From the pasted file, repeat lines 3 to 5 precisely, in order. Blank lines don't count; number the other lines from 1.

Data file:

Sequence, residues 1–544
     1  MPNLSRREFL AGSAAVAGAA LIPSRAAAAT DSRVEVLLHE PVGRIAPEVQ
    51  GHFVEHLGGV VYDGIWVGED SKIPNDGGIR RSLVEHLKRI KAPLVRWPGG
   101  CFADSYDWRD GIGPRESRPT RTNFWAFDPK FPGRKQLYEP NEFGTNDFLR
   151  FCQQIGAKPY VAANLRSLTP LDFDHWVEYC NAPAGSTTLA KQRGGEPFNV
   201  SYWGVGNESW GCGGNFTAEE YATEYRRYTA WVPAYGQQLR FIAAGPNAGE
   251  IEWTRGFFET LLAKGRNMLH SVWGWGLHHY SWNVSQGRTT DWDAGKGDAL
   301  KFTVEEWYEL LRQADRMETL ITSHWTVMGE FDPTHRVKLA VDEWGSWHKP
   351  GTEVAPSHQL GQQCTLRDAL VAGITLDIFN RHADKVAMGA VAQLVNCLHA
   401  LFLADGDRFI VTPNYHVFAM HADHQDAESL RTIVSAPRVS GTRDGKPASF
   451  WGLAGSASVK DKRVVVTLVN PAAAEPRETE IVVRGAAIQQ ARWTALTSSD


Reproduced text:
    51  GHFVEHLGGV VYDGIWVGED SKIPNDGGIR RSLVEHLKRI KAPLVRWPGG
   101  CFADSYDWRD GIGPRESRPT RTNFWAFDPK FPGRKQLYEP NEFGTNDFLR
   151  FCQQIGAKPY VAANLRSLTP LDFDHWVEYC NAPAGSTTLA KQRGGEPFNV